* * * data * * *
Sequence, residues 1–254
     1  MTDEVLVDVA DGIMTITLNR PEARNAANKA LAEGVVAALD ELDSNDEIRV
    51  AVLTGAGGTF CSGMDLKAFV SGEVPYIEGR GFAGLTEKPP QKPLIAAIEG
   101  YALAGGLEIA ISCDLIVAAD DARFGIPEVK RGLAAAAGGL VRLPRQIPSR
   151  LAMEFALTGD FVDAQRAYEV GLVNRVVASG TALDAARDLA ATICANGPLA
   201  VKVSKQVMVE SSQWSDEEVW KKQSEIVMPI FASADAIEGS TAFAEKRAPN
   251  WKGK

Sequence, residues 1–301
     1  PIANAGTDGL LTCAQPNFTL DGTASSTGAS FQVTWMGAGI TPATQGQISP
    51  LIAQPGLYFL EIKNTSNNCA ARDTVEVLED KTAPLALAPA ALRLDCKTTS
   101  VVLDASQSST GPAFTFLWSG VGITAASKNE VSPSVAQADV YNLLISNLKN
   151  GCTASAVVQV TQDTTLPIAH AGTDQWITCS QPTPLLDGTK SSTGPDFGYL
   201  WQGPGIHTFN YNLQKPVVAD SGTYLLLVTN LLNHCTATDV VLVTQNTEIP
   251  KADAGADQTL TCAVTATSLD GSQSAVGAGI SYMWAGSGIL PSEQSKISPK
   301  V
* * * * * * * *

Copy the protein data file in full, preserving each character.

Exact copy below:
Sequence, residues 1–254
     1  MTDEVLVDVA DGIMTITLNR PEARNAANKA LAEGVVAALD ELDSNDEIRV
    51  AVLTGAGGTF CSGMDLKAFV SGEVPYIEGR GFAGLTEKPP QKPLIAAIEG
   101  YALAGGLEIA ISCDLIVAAD DARFGIPEVK RGLAAAAGGL VRLPRQIPSR
   151  LAMEFALTGD FVDAQRAYEV GLVNRVVASG TALDAARDLA ATICANGPLA
   201  VKVSKQVMVE SSQWSDEEVW KKQSEIVMPI FASADAIEGS TAFAEKRAPN
   251  WKGK

Sequence, residues 1–301
     1  PIANAGTDGL LTCAQPNFTL DGTASSTGAS FQVTWMGAGI TPATQGQISP
    51  LIAQPGLYFL EIKNTSNNCA ARDTVEVLED KTAPLALAPA ALRLDCKTTS
   101  VVLDASQSST GPAFTFLWSG VGITAASKNE VSPSVAQADV YNLLISNLKN
   151  GCTASAVVQV TQDTTLPIAH AGTDQWITCS QPTPLLDGTK SSTGPDFGYL
   201  WQGPGIHTFN YNLQKPVVAD SGTYLLLVTN LLNHCTATDV VLVTQNTEIP
   251  KADAGADQTL TCAVTATSLD GSQSAVGAGI SYMWAGSGIL PSEQSKISPK
   301  V